1. Bronnie, what are the likely implications for formal pain management services if and when cannabinoids become readily available and legally acceptable? Has this issue been discussed in New Zealand?

  2. Lots of open discussion, with a position statement from the Australasian Faculty of Pain Medicine indicating that currently cannabinoid medications are not frontline because of limited evidence, and prescribing “the plant” is not supported. Prescribing commercial preparations (eg Sativex) is limited by cost – it’s not funded by Medsafe and ACC will fund only if it’s the last resort AND is effective.

    Patients already acknowledge using cannabis, and there is some cannabis testing at some tertiary pain management facilities, but to my knowledge this doesn’t mean patients will be prescribed any differently than if they were not positive for cannabis.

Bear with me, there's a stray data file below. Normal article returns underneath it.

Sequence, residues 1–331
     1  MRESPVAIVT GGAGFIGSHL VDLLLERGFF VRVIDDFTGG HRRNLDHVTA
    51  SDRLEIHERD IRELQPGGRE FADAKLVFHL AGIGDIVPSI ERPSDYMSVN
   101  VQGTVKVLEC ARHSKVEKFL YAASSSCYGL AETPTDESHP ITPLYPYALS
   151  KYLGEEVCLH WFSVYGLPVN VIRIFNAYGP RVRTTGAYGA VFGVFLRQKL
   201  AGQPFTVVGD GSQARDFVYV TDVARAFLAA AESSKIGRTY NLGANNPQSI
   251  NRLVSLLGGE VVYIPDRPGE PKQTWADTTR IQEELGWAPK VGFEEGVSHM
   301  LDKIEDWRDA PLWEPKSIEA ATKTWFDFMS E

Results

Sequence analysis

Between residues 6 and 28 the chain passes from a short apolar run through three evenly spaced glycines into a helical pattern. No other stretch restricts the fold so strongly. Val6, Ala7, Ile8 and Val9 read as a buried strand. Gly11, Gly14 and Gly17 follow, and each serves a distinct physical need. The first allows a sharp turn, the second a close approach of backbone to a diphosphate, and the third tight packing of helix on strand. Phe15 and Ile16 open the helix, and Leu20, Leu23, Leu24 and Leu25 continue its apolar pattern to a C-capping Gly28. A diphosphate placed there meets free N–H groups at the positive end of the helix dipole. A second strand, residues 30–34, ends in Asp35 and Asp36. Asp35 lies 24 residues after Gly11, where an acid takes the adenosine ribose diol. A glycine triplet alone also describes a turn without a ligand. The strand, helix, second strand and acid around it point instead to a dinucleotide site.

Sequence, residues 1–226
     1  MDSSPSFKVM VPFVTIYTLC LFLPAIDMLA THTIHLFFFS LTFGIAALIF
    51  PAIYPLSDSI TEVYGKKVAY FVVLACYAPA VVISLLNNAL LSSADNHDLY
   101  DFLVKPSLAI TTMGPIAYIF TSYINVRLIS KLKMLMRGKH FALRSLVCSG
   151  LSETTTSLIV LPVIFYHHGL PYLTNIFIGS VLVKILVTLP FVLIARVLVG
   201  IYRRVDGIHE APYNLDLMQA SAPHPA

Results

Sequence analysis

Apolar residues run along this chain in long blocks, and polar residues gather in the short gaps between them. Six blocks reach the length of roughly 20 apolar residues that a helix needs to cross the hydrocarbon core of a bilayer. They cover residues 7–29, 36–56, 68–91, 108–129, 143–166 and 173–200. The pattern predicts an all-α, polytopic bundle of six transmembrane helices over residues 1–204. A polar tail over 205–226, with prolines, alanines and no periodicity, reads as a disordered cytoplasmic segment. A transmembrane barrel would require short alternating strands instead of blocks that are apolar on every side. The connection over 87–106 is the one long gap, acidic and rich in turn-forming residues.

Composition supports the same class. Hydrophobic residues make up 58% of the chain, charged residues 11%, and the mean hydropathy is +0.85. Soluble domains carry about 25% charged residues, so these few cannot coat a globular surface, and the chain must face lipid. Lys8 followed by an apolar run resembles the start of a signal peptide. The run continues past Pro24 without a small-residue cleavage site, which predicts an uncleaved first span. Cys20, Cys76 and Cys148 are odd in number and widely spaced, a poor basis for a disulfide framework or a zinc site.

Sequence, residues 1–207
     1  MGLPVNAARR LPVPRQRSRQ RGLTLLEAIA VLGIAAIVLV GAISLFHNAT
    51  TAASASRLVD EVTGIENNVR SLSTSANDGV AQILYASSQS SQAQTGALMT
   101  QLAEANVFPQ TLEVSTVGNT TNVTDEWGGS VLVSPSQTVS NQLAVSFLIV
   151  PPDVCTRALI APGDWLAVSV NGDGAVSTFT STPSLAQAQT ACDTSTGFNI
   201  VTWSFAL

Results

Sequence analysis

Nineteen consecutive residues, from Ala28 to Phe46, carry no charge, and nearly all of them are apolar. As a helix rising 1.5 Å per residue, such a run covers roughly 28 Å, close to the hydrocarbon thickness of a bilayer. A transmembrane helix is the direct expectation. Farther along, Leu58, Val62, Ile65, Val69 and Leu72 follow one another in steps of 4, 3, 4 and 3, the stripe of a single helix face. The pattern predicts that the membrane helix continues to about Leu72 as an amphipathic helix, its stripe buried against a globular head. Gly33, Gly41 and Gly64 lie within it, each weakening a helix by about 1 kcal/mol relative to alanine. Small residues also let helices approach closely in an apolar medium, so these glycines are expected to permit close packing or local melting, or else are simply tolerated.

I’ve participated in a public forum of University of Otago researchers discussing cannabis law reform – we have some highly respected researchers who are informing the public debate.
    My questions are more around whether the current situation is protecting public safety (I don’t believe prohibition works for anything much), and whether public funding should be used to pay for prescribed treatments of dubious quality/effect (but then again, people are being funded for platelet rich plasma, extracorporeal shockwave treatment, MBBs and RFs, so why am I worried about cannabis-based medications?!).

    I’m also curious about the effects our participants reported – can this be a meaning response? Or are we failing to measure important aspects of pain experience when we use VAS pain intensity as a measure? What would happen if we looked at pain interference instead, or participation, or quality of life?